10-minute bursts of exercise could lower the risk of heart disease for obese individuals
New U.S. research suggests that any amount of exercise could be effective in lowering the risk of cardiovascular disease for those who are obese or overweight.
Carried out by researchers at The Ohio State University, the new study looked at data gathered from 22,476 participants aged 30 to 64 years with no history of cardiovascular disease (CVD) at the start of the study.
The participants’ self-reports on their physical activity levels were used to place them into one of three categories: no exercise at all, exercising for one to 149 minutes per week, or exercising for more than 150 minutes per week.
They were also categorized according to their body mass index (BMI), with around a third of the participants classified as being “overweight” (with a body mass index of 25 to 29.9) and a little more than a third classified as being “obese” (with a BMI of more than 30). The rest of the participants were classified in the “normal” range.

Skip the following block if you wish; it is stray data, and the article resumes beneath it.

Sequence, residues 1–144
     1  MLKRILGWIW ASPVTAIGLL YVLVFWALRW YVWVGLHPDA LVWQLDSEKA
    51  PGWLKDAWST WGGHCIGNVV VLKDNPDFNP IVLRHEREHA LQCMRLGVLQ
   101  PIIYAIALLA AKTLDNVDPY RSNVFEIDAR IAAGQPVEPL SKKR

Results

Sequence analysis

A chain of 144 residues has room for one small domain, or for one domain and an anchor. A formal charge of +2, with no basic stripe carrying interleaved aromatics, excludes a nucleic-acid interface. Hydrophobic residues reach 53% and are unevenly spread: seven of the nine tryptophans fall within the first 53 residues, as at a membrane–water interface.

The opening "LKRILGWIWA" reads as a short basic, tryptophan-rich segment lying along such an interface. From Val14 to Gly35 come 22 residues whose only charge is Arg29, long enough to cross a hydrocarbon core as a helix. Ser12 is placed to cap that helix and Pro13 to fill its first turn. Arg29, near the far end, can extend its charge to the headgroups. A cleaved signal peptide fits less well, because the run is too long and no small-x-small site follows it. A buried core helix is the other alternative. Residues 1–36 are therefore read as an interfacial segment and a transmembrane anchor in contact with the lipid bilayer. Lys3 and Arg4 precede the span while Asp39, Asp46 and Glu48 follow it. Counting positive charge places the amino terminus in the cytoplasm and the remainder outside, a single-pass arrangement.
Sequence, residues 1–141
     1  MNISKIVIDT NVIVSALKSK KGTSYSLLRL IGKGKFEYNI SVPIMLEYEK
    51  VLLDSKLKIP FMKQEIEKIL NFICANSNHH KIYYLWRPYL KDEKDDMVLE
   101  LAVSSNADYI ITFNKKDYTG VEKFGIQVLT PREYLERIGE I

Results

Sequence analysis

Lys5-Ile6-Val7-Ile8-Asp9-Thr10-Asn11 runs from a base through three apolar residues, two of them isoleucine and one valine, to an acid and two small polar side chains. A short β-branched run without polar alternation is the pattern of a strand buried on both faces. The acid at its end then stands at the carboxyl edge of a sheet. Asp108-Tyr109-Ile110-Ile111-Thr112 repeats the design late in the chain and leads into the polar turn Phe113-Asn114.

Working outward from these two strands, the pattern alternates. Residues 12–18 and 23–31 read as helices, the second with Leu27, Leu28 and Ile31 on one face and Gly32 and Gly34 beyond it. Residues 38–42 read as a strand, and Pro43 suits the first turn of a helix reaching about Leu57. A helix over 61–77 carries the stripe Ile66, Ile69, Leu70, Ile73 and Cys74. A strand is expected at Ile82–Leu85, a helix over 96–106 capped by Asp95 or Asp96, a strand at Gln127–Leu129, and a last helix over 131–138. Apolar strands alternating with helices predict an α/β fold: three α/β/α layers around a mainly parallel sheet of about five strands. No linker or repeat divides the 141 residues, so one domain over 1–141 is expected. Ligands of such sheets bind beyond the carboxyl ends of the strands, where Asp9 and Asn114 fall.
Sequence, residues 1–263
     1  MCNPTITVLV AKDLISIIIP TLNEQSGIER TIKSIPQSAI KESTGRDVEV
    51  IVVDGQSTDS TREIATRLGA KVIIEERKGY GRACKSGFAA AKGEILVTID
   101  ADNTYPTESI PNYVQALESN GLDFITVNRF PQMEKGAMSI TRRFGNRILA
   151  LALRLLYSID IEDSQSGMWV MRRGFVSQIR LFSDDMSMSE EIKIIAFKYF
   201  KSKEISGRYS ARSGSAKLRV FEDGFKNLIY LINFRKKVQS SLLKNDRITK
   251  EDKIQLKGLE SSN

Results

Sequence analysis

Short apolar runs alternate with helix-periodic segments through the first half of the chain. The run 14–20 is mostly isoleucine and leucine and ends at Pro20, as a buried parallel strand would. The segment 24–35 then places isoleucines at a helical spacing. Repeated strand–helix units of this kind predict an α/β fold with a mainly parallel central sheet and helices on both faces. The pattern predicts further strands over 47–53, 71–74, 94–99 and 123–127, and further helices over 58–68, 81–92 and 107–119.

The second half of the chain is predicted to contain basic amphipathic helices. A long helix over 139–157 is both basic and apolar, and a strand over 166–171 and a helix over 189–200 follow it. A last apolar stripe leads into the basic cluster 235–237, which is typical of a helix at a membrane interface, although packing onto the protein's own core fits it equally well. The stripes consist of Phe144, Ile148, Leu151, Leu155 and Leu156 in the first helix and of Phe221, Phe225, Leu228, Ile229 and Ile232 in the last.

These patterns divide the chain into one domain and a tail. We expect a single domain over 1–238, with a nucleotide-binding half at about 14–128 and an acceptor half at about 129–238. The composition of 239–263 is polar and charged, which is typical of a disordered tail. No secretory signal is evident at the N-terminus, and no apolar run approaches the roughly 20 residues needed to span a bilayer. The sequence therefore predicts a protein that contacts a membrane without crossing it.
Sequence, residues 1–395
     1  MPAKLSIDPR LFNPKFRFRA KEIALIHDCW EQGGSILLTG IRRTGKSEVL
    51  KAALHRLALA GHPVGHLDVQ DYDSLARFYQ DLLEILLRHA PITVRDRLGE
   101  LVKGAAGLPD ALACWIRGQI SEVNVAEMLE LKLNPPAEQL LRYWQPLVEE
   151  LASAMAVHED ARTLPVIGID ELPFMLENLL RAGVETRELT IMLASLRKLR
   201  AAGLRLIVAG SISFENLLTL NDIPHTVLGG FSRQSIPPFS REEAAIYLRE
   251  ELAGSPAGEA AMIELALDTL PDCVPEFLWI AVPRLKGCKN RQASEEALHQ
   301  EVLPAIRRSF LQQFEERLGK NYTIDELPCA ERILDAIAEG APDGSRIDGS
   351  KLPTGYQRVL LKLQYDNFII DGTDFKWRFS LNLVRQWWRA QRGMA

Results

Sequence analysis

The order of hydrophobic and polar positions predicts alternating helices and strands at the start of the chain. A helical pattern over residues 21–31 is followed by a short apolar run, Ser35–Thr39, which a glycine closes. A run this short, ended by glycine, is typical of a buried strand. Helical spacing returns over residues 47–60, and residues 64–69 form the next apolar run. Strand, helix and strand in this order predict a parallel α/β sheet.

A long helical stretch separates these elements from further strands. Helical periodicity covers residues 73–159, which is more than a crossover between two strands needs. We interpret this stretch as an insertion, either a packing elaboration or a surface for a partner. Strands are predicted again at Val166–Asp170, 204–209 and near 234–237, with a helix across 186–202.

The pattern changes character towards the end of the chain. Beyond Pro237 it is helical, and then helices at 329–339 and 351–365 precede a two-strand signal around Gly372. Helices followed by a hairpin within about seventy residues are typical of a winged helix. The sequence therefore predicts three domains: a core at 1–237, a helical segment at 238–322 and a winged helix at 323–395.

The findings, published in the journal PLOS ONE, showed that the overweight and obese participants were more likely to have a higher risk of developing CVD over the next ten years than those with a BMI in the normal range.
However, the good news is that for those who are obese, doing 150 minutes or more of moderate or vigorous exercise each week lowered the risk of CVD by 50%, and even exercising for just 10 minutes at a time lowered the risk by 34%.
For the overweight participants, doing any amount of exercise cut the risk of CVD by 47%, and exercising for more than 150 minutes a week reduced the risk by 52%.
“This shows that increasing physical activity even a small amount, as little as 10 minutes at a time, is associated with lower risk of cardiovascular disease — for example, a 30-minute walk has the same benefits as completing three 10-minute walks,” said Xiaochen Zhang, lead author of the study.
The researchers add that 150 minutes of exercise a week is the number widely recommended by experts, with The American Heart Association, The American College of Sports Medicine, and the U.S. Department of Health and Human Services all advising that adults get at least 150 minutes of exercise each week. NVG
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